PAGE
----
I'm glad that she was who she was. I loved hearing her stories about when she was young and single and living it up in Detroit with her girlfriends. I love to look at the photos of her sunbathing in the 50's. She was free from her abusive mother, had several friends and a couple roommates, worked as a keypunch operator at GE. She didn't look like that ever as a mom. She worked almost all the time, back when women ironed sheets. I remember her being exhausted and going to bed by 9:30 p.m. every night. The closest she got to relaxing was when we took a break from hoeing or picking pickles. She'd pour herself half a beer and sit in front of the fan in her sweat-soaked sleeveless white shirt. Her brown hair would be flying every which way making her look much like a TV madman, except for her smile. I felt so sorry for her and wished we were rich then. Her eyes would droop as she relaxed but it would only be for about a 1/2 hour and then we'd be back out again hoeing weeds or picking pickles until 3:00 p.m. Then she'd go in to start dinner and put on her "shows". She'd escape into General Hospital and then get on the phone with my abusive Grandmother to talk about what was going to happen tomorrow. I hope she felt that she lived a good life when she died but I don't think she did.

Wednesday, September 12, 2007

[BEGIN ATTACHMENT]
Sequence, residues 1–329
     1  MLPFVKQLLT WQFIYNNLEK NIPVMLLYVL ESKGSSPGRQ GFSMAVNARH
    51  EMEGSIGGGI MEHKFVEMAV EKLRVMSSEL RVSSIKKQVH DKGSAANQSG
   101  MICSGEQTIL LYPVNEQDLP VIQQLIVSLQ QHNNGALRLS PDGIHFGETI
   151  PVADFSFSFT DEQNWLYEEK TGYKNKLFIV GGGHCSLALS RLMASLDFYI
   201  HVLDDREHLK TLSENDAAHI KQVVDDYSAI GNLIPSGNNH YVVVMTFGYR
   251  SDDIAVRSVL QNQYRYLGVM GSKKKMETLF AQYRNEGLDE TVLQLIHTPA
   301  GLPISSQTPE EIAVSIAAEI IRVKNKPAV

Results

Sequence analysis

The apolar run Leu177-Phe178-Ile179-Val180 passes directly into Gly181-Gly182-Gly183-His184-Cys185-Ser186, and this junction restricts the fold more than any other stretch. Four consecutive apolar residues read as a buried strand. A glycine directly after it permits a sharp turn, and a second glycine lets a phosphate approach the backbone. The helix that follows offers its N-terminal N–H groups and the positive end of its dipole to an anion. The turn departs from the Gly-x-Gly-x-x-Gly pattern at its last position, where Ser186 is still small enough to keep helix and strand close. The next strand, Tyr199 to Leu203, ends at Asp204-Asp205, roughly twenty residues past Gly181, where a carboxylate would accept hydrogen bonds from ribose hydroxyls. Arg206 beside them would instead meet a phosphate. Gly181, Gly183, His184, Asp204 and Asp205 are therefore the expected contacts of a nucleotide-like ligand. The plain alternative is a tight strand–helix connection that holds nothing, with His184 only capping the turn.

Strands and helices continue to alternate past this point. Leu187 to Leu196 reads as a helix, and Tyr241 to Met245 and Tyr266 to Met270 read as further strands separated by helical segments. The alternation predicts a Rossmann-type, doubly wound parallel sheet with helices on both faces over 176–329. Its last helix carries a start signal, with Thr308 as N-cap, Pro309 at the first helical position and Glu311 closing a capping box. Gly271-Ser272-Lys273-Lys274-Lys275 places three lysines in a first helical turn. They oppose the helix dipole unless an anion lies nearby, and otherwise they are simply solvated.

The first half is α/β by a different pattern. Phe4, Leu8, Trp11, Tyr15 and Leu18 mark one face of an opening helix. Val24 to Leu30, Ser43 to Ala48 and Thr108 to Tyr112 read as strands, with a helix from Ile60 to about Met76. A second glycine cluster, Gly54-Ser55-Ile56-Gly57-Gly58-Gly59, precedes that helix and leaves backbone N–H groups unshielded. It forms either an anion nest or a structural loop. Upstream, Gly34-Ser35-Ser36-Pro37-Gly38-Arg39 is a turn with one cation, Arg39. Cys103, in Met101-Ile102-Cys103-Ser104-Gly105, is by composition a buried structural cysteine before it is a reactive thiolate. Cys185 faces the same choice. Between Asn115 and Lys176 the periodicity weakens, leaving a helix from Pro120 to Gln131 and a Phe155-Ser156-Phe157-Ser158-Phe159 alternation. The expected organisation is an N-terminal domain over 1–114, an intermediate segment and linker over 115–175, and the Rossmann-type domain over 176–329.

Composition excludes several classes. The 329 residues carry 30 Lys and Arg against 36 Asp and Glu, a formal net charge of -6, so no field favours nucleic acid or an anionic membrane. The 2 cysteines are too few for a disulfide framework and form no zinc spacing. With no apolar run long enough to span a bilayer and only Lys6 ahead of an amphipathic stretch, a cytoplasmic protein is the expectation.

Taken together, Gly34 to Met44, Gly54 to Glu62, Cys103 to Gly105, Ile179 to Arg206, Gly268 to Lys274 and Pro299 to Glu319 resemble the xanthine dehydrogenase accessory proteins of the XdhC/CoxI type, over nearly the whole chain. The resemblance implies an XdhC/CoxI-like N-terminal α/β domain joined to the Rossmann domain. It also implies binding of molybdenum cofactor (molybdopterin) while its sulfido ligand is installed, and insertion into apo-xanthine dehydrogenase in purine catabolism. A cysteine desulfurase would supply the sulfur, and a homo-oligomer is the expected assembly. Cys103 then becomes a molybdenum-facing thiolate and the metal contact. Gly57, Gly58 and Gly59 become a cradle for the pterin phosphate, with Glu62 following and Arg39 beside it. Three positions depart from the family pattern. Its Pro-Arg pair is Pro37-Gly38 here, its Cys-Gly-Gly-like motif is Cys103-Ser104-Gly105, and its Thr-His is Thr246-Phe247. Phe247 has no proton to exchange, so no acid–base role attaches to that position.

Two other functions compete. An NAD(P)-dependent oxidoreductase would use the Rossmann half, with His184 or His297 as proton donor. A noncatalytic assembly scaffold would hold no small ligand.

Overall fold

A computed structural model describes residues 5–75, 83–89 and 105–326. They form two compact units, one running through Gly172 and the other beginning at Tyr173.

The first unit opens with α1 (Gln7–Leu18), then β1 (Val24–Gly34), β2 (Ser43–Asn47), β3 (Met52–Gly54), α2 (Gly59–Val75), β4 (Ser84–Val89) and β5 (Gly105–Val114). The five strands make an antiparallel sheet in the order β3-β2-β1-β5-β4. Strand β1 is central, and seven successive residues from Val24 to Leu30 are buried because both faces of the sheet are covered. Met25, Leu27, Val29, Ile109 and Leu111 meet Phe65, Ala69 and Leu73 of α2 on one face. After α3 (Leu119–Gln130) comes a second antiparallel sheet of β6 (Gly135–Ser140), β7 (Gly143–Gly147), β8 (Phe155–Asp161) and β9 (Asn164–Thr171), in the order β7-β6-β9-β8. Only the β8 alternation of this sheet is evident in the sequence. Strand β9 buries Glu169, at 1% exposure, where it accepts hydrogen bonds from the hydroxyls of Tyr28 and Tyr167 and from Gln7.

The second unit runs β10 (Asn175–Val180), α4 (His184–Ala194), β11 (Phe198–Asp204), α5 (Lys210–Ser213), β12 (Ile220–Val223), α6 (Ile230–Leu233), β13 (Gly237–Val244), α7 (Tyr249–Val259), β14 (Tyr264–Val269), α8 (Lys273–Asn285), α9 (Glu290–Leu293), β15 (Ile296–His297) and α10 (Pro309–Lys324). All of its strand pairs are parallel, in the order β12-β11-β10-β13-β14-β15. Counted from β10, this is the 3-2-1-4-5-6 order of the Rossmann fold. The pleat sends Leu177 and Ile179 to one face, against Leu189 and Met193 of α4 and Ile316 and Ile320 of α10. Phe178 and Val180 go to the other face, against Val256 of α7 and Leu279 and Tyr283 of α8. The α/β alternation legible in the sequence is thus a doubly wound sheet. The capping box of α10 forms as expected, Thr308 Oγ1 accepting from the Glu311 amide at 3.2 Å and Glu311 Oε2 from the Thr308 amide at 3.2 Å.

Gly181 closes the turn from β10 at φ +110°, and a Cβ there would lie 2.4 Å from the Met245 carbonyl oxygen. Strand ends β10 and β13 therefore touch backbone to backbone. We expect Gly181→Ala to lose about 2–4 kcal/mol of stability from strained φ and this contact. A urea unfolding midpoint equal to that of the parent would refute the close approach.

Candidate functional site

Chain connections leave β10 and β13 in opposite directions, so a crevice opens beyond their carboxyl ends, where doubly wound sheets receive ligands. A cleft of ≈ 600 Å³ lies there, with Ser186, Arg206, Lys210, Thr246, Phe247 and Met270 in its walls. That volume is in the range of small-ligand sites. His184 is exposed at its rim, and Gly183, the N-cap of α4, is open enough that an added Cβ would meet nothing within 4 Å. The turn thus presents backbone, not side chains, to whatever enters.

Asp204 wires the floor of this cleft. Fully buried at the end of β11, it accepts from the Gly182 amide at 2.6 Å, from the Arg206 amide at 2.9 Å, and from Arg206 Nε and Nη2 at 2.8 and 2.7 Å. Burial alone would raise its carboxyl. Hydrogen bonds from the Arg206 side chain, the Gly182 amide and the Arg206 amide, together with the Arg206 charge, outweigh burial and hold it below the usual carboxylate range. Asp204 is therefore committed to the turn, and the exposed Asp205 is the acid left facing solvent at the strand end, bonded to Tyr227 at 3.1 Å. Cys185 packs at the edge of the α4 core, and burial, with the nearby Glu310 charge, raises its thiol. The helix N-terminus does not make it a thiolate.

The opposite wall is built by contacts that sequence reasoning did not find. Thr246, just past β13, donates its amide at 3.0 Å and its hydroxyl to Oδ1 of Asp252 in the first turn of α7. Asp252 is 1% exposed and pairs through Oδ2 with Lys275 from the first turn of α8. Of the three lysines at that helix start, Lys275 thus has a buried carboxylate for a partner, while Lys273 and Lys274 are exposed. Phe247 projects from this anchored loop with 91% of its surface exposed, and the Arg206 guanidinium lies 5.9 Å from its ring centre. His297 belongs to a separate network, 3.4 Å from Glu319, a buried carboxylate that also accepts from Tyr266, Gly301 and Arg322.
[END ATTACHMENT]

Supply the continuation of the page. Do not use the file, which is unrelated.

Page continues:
Carson City Politics

To the residents of Carson City and all those without jobs in Mid-Michigan:

The last lines of Wendell Berry’s poem “A History” reads “This place, that the great nation passed in its hundreds of hundreds, becomes again the place that they were searching for.”

As I read I was reminded of our own fair city of Carson City. I thought of the farmers and families that had carved a life out of mid-Michigan, had coffee together, raised barns, threshed grains, shocked corn, and built schools, churches, and businesses. The industrial revolution and more specifically the automobile has been kind of like the fire in Berry’s poem, “They set fires behind them to discourage pursuit. Behind them, the way would not support another passage.”

We find ourselves, as in Berry’s poem, at the point where the fires are out (as well as many of the manufacturing jobs), the opportunities are popping up like new shoots of grass through the ashes but it will take much vision and determination to culture a different kind of community from the devastation that many call the “Rust Belt”.